This GOP race puts the swing in swing voters
Republican hopefuls take their turns surging in the polls
In mid July, Michelle Bachmann's poll numbers reached their peak. By August, Rick Perry surged to the front of the pack of Republican presidential candidates. Herman Cain dominated October. Today, Newt Gingrich is the latest GOP flavor of the month.
A new poll by Gallup shows that Republican voters now consider Gingrich and Mitt Romney the only acceptable candidates. Gallup found 62 percent considered Gingrich acceptable, and 54 percent said the same of Romney.
Perry had 41 percent support, followed by Bachmann and Cain at 37 percent, Ron Paul at 34 percent and Jon Huntsman Jr. at 28 percent.
Surging in opinion polls like that one, a confident Gingrich declared Monday he plans to challenge Barack Obama in every state next year, and he began running a gauzy TV ad — his first — to push toward the Republican nomination to take on the president. But, illustrating how far he has to go, Gingrich also found himself defending the state of his campaign. (See related story.)
The rise and fall of so many candidates in so little time suggests that public opinion is unbelievably fickle. It is hard to imagine a single person could support four such divergent candidates in the course of less than six months.
Yet this is precisely what Washington Post journalist Dan Balz discovered when he traveled to Iowa to talk to Republican voters there.
"'I am on my fourth way of thinking' about who would make the strongest challenger to President Obama," said Arlan Eckland of Dennison, Iowa. Eckland's wife Gwen, is leaning toward Gingrich, after being excited about Bachmann and Perry only to watch them wilt under the media spotlight, Balz reported.
Why has support for GOP candidates shifted so dramatically?
One explanation for this election cycle's volatility is that many conservatives are dissatisfied with Mitt Romney, who they see as the establishment candidate, said Scott Clement, a Washington Post polling analyst. Media attention, and in particular debates, may also have an impact, he said. In their search for an alternative, these voters are swayed by the media attention lavished on potential challengers. The volatility in polling numbers prompted Michael Salsman, Forbes Magazine political columnist, to accuse Republicans of being the "real flip floppers." Ultimately, however, fluctuating opinion polls do not mean that Americans are unprincipled opportunists, experts say. They just haven't found what they are looking for.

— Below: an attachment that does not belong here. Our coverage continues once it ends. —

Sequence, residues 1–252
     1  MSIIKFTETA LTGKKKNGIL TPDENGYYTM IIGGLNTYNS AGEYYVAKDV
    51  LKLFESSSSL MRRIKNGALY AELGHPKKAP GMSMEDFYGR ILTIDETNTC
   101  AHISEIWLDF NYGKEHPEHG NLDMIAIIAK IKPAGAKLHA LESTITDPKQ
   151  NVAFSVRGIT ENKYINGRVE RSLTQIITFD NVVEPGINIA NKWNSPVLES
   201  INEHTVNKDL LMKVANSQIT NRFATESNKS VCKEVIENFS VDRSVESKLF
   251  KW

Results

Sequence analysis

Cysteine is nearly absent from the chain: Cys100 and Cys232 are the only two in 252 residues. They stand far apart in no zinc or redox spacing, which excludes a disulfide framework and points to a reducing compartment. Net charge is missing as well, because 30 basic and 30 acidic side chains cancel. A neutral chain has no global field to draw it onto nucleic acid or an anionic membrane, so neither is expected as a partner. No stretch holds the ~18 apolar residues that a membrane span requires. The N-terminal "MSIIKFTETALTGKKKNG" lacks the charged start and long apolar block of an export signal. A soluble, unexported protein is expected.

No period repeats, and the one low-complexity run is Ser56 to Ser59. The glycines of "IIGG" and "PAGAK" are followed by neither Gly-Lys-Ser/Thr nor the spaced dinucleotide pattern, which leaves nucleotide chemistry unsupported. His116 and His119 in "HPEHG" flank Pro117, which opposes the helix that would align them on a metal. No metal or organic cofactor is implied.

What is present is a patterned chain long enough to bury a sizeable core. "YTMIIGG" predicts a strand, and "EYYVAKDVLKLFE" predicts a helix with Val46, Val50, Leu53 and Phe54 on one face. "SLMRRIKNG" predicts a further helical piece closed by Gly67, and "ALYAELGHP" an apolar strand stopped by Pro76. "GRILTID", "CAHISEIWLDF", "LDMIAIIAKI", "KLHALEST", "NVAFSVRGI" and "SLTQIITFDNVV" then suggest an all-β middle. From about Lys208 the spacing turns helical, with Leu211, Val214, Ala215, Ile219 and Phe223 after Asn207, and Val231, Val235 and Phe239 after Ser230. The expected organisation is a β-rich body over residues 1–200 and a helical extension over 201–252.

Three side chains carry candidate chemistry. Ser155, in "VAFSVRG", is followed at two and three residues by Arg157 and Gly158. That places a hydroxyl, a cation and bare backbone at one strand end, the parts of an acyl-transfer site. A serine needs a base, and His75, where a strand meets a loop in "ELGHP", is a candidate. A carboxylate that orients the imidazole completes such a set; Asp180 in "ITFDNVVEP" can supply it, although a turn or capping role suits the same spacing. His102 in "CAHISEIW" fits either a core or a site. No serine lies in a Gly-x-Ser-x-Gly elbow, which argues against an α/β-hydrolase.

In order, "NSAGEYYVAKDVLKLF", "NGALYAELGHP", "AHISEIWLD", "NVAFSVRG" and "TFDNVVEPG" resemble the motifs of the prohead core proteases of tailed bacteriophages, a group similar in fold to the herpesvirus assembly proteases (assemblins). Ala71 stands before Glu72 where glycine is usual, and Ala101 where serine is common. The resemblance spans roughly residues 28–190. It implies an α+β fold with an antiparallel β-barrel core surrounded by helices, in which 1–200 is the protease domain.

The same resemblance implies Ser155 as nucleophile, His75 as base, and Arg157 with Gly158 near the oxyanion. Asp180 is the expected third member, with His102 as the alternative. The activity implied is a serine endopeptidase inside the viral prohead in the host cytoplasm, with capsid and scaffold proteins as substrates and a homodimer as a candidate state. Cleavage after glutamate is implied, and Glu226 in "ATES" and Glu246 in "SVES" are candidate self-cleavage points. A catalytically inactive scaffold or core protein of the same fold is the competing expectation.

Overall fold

The success of anti-establishment candidates such as Marco Rubio, Rand Paul and Mike Lee in the 2010 midterm elections made it clear GOP politics is undergoing a tectonic shift. Forces within the Republican party affiliated with the tea party movement, including Freedom Works and local grassroots groups have "helped move the Republican party to the right," says Vanessa Williamson, co-author of the new book The Tea Party and the Remaking of Republican Conservatism. The rise of the tea party means many on the right expect candidates that reject moderate positions. "Call them tea party or social conservatives or whatever you want, but they want a Republican nominee who is a no-holds-barred, unadulterated conservative" wrote Charlie Cook in his political column for MSNBC.
That many of the Republican presidential hopefuls dipped their toes in liberal waters doesn't sit well with tea party activists. Only one in ten of Republican or Republican leaning independents who support the tea party agenda say they are "very satisfied" with the field of candidates, says Clement, the Washington Post pollster.
Some do not consider Romney, who served as governor of what is often considered the most liberal state in the nation, a true believer. "Romney is not a conservative," said right wing pundit Rush Limbaugh on an October installment of his radio show. "He's not, folks. You can argue with me all day long on that, but he isn't. What he has going for him is that he's not Obama."
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